Glaxo patents for sumatriptan expired in February 2009. At that time, Imitrex sold for about $25 a pill.[31] On 6 November 2008, Par Pharmaceutical announced that it would begin shipping generic versions of sumatriptan injection (sumatriptan succinate injection) 4- and 6-mg starter kits and 4- and 6-mg filled syringe cartridges to the trade immediately. In addition, Par anticipates launching the 6-mg vials early in 2009.[32]

Mylan Laboratories Inc., Ranbaxy Laboratories, Sandoz (a subsidiary of Novartis), Dr. Reddy's Laboratories, and other companies have received FDA approval for generic versions of sumatriptan tablets in 25-, 50-, and 100-mg doses since 2009. The drug is generically available in U.S. and European markets, since Glaxo's patent protections have expired in those jurisdictions. Nasal spray sumatriptan is also generically available.[33]

Legal status

In Russia versions of sumatriptan, which are not registered in the National registry of medications, may be regarded as narcotic drugs (derivatives of dimethyltriptamine).[34]

Society and culture


In the United Kingdom it costs the NHS about £1 per dose as of 2019.[2] In the United States the wholesale cost of this amount is about US$0.60.[7] In 2017, it was the 97th most commonly prescribed medication in the United States, with more than eight million prescriptions.[8][9]


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  2. 2.0 2.1 2.2 2.3 2.4 British national formulary : BNF 76 (76 ed.). Pharmaceutical Press. 2018. p. 474. ISBN 9780857113382.
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  10. 10.0 10.1 Derry, CJ; Derry, S; Moore, RA (28 May 2014). "Sumatriptan (all routes of administration) for acute migraine attacks in adults - overview of Cochrane reviews". The Cochrane Database of Systematic Reviews. 5 (5): CD009108. doi:10.1002/14651858.CD009108.pub2. PMC 6469574. PMID 24865446.
  11. Dahlöf, Carl G. H. "Sumatriptan: Pharmacological Basis and Clinical Results". Medscape. Archived from the original on 17 February 2017. Retrieved 16 July 2016.
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  18. Giniatullin, Rashid; Nistri, Andrea; Fabbretti, Elsa (1 February 2008). "Molecular Mechanisms of Sensitization of Pain-transducing P2X3 Receptors by the Migraine Mediators CGRP and NGF". Molecular Neurobiology. 37 (1): 83–90. doi:10.1007/s12035-008-8020-5. ISSN 0893-7648. PMID 18459072.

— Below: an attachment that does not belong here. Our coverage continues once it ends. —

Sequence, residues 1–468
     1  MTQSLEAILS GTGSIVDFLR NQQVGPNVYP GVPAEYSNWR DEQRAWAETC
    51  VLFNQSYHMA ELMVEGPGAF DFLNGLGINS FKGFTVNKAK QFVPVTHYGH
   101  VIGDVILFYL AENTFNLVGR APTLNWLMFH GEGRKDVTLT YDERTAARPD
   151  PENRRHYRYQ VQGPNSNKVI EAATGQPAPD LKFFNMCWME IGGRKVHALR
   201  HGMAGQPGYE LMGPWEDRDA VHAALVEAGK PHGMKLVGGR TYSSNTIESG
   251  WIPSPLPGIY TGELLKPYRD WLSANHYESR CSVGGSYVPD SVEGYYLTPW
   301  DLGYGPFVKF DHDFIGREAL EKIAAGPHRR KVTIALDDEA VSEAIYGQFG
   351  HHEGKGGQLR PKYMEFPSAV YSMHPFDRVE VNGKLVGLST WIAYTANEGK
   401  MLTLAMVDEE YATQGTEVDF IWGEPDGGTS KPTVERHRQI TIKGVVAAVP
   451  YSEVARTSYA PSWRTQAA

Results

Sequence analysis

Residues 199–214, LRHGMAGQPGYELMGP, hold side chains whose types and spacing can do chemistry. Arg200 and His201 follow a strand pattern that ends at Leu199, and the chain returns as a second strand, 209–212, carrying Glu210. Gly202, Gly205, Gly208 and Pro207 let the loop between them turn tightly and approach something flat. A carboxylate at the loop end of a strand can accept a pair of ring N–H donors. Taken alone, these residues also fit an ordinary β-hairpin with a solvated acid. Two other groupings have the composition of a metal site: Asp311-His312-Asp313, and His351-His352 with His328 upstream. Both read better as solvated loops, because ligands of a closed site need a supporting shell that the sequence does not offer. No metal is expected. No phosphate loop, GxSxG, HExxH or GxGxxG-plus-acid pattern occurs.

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  20. Fox, A. W. (2004). "Onset of effect of 5-HT1B/1D agonists: a model with pharmacokinetic validation". Headache. 44 (2): 142–147. doi:10.1111/j.1526-4610.2004.04030.x. PMID 14756852.
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  26. Clinical trial number NCT00724815 for "The Efficacy and Tolerability of NP101 Patch in the Treatment of Acute Migraine (NP101-007)" at
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  33. LaMattina, John (2 March 2015). "If You 'Want To Make A Good Drug Great' Cost Must Be Factored In". Forbes. Archived from the original on 14 February 2017. Retrieved 13 February 2017.
  34. "Постановление Правительства РФ от 30 июня 1998 г. N 681 "Об утверждении перечня наркотических средств, психотропных веществ и их прекурсоров, подлежащих контролю в Российской Федерации" (с изменениями и дополнениями)" (in русский). Гарант. Archived from the original on 19 April 2013. Retrieved 28 April 2019. ДМТ (диметилтриптамин) и его производные, за исключением производных, включенных в качестве самостоятельных позиций в перечень